While versions of the holiday classic fill many stages this season, Whidden’s evening in Oswego offers a fresh approach to the story.

The veteran artist and 1975 Oswego graduate brings Dickens’ characters to life, from nocturnal spirits to the boy who fetches a turkey on Christmas morning.

For Whidden, his challenging one-actor presentation is also a theatrical homecoming.

Forty years ago this month, he was tapped as a college junior to play Scrooge in the memorable staging conceived, scripted and directed by the late Rosemary S. Nesbitt, then a member of the theatre faculty.

“Having seen Carl’s portrayal of Scrooge in that production, I look forward to experiencing the complete story through his gifts for storytelling,” said Mark Cole, professor of theatre specializing in acting and directing.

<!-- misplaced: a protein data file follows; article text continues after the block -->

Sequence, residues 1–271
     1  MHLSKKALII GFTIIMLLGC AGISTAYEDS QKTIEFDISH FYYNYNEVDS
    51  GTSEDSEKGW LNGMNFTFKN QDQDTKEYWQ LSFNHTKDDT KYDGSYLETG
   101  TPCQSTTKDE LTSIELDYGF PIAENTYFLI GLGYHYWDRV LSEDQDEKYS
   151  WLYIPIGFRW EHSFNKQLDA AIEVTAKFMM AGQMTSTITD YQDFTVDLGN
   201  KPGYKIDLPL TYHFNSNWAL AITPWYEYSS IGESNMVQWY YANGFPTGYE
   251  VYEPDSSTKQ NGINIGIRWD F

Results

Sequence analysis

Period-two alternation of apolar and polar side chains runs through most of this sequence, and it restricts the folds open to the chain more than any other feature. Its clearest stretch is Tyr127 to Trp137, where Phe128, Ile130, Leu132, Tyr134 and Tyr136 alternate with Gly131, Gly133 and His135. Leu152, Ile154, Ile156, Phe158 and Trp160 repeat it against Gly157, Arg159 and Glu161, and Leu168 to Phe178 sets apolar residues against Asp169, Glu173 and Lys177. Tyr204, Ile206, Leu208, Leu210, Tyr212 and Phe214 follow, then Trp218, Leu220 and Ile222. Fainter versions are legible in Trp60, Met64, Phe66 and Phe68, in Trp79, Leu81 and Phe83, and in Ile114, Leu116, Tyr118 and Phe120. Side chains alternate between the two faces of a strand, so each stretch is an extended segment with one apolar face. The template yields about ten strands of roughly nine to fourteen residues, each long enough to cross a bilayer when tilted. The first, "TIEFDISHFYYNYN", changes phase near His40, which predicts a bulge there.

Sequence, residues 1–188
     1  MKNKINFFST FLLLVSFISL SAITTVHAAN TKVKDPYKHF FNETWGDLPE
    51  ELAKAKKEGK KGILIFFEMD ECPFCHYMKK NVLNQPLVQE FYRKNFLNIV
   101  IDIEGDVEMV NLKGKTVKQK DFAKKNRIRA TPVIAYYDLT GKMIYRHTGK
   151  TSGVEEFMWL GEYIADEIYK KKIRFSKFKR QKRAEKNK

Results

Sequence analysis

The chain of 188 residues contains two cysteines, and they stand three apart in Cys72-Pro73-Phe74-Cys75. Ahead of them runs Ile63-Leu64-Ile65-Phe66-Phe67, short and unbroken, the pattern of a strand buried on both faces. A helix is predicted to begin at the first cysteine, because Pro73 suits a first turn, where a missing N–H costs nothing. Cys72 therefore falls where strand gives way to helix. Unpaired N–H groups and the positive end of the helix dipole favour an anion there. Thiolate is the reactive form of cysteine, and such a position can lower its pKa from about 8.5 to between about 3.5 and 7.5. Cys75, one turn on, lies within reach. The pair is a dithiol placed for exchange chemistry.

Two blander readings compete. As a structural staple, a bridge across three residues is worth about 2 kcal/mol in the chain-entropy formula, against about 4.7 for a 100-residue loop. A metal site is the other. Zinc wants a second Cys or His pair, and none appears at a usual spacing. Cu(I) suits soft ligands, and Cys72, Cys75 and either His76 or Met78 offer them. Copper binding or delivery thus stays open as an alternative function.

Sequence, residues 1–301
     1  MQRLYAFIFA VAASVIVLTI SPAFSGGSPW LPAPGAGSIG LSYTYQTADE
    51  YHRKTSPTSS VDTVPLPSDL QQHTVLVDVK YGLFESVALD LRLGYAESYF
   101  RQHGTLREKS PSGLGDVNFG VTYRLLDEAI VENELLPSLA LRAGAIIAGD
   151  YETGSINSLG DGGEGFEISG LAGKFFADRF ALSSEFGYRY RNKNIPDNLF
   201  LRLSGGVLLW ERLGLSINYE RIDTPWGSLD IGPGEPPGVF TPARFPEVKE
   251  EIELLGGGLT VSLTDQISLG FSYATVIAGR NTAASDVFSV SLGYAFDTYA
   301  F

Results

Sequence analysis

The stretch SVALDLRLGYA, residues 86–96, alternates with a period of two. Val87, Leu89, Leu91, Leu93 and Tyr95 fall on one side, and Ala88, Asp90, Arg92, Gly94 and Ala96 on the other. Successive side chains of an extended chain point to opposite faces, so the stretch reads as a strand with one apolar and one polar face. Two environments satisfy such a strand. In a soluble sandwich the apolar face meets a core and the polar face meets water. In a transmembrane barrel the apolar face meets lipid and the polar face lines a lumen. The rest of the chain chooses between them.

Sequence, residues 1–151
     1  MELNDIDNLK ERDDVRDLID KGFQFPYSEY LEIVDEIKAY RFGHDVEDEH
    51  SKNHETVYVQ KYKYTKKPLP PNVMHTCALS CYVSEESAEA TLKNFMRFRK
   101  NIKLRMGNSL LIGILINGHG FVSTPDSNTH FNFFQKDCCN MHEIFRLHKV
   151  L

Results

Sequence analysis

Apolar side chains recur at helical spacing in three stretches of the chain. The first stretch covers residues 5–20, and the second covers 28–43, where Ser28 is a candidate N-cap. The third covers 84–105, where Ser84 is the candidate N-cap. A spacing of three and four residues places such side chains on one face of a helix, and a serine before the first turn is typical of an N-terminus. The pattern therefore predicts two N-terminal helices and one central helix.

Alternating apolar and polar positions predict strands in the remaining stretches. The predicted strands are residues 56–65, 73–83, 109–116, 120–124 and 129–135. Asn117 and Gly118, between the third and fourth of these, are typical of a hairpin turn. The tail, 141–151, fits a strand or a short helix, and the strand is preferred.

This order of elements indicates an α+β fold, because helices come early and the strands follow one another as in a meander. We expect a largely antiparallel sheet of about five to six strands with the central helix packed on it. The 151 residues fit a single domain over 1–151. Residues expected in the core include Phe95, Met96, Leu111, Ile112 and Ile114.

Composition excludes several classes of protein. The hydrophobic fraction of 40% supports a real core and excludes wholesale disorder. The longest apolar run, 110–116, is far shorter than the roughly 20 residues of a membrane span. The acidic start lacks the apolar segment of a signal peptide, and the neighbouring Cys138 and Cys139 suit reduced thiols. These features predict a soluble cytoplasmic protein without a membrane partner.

“He brings a perfect combination of empathy and humor to comic vignettes like the party given by Mr. Fezziwig and the touching moments with the Cratchit family,” Cole said. “Dickens’ wit and generosity of spirit will come alive in Carl’s performance.”

For the notable 1973 production, Nesbitt re-fashioned the stage to resemble a 19th century Oswego theatre known as Doolittle Hall — complete with a painted Victorian act curtain.

That setting allowed her to add dramatic embellishments to the production like a cameo appearance by Dickens himself. Her research showed the British author could well have visited Oswego during his American tour of 1867.

“Dickens himself often went on the road performing excerpts from his novels, so Carl follows in a time honored tradition,” adds Cole.

Memories of ‘73

More than 150 participants, both college students and children of the community were recruited for six performances in December 1973.

Nesbitt added engaging elements like snowball fights and audience sing-alongs to Dickens’ basic storyline.

Carl Whidden hopes many who remember that ambitious production will attend his performance as a 40th anniversary celebration. His characterizations will be based on Nesbitt’s original script.